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Failure To Curb Violence Threatens Timor Stability

Failure To Curb Continuing Violence Threatens Long-Term Stability

The consistent failure of the Indonesian authorities to guarantee the safety and security for all East Timorese in the run up to the ballot on 30 August poses a dangerous precedent for the future of the troubled territory, Amnesty International said today at the launch of its latest report.

"Despite improvements in some areas of East Timor, serious human rights violations --including unlawful killings, arbitrary arrests and "disappearances" -- continue to occur and are seriously undermining implementation of the popular consultation process," Amnesty International said.

"Under these conditions many East Timorese are still unable to participate fully in the popular consultation process or are only able to do so at considerable risks to themselves."

Although there are some reports of intimidation by pro-independence groups and allegations of abuses by the pro-independence armed opposition group, the East Timorese National Liberation Army (Forcas Armados de Libertacao Nacional de Timor, Falintil), the pro-integration militia groups are continuing to commit the majority of human rights violations acting with almost total impunity and with the support of the Indonesian National Army (Tentara Nasional Indonesia, TNI) and the police.

In one incident on 26 July in the Mercado Lama market place in Dili, several pro-independence supporters as well as ordinary members of the public were injured in clashes with members of Aitarak militia group. One eyewitness reported seeing a person being beaten by a militia member in front of the police mobile brigade (Brimob) who had arrived to secure the area but who took no action to prevent the beating.

"By failing to control the militia groups and bringing to justice those responsible for human rights violations, the Indonesian authorities are jeopardising the safety of the East Timorese people and the possibility of a smooth transition to special autonomy within Indonesia or to independence," Amnesty International added.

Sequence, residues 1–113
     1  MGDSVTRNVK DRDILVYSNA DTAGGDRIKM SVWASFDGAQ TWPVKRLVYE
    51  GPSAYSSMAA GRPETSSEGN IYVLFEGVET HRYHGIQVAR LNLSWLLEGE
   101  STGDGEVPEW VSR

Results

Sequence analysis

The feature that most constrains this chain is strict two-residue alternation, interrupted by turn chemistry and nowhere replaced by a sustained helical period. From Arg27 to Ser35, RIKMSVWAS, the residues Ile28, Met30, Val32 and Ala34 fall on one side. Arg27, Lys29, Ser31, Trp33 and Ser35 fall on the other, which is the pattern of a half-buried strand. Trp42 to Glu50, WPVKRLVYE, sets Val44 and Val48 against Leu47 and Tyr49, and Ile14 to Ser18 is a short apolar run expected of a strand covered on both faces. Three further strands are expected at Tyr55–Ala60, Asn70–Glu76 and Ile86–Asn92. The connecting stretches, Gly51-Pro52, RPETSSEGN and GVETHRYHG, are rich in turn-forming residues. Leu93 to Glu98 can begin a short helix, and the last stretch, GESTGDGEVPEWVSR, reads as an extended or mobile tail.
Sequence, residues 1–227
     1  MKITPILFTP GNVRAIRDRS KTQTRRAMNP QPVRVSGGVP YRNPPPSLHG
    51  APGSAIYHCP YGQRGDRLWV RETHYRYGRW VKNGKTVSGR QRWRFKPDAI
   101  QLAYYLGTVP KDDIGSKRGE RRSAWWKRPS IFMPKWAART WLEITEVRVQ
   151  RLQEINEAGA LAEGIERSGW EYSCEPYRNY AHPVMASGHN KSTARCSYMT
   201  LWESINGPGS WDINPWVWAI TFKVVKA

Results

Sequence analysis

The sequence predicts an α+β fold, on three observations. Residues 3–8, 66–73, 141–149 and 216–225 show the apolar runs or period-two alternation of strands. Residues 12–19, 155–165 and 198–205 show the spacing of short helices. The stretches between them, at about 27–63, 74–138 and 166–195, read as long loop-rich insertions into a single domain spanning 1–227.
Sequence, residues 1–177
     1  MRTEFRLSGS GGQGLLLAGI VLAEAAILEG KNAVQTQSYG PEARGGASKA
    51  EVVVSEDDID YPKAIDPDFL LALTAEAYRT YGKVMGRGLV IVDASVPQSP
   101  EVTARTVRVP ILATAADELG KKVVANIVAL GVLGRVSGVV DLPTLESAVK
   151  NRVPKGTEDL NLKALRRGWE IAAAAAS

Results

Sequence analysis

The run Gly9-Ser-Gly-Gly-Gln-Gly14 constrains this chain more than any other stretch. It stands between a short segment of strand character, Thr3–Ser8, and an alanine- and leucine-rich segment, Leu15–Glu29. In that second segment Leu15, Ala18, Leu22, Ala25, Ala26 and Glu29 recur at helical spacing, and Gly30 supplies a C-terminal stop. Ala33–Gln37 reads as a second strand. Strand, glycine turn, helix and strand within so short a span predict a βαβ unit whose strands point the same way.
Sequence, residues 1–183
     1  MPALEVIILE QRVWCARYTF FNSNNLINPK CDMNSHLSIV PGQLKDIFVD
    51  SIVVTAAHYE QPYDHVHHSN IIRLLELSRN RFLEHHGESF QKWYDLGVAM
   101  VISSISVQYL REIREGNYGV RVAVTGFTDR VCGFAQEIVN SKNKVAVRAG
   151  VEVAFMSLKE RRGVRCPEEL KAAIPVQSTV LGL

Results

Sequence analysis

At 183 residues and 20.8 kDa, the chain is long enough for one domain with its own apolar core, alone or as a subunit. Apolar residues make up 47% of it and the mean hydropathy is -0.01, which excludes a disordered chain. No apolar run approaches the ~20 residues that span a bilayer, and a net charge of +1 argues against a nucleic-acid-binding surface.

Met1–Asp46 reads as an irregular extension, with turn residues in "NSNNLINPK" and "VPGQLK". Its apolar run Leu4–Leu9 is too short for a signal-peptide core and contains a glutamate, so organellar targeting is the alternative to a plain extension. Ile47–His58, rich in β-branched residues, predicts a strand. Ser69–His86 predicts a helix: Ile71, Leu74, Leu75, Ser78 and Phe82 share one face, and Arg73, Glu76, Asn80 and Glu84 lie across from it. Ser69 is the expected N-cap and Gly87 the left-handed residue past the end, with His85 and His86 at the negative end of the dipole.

Both domestic and international monitoring groups observing the popular consultation process in East Timor have reported systematic and widespread harassment and intimidation of voters by militias, the TNI and local government officials. Death threats and house to house visits by militias and members of the TNI to record the names of those who have registered are among some of the intimidatory methods used.

Among the most vulnerable are the tens of thousands of internally displaced people (IDPs) forced to flee their homes as a result of actions by the militia groups and who are unable to return to their homes because the Indonesian authorities have so far not guaranteed their security. Others, including members of the pro-independence organization, the National Council of Timorese Resistance (Conselho Nacional da Resistência Timorense, CNRT), students and human rights defenders are also still at risk.

Threats and attacks against international and local staff of the United Nations Mission to East Timor (UNAMET) have also contributed to the atmosphere of insecurity. Sporadic incidents during the 22 day registration process caused several centres to close temporarily -- in the last 48 hours of the registration process alone, three separate militia attacks took place, injuring UNAMET staff and students, damaging property and forcing the temporary closure of a number of centres.

"Pressure must be maintained on the Indonesian authorities, in particular the military, to ensure that they fulfil their obligation to provide security for the people of East Timor during the popular consultation process."

At the same time Amnesty International urges the UN, Portugal and Indonesia in particular and the international community in general, to ensure that security arrangements for the immediate post ballot period are agreed and in place by the time the vote takes place.

"The UN must be given the required resources, expertise and support to fulfil its role during this and the longer term transition period and must ensure that human rights protection is central to all arrangements."

"Polling day marks the beginning and not the end of the transition for East Timor. Ensuring security and protecting human rights must remain a priority throughout the post ballot and transition phases in order to avoid any more blood being spilt."

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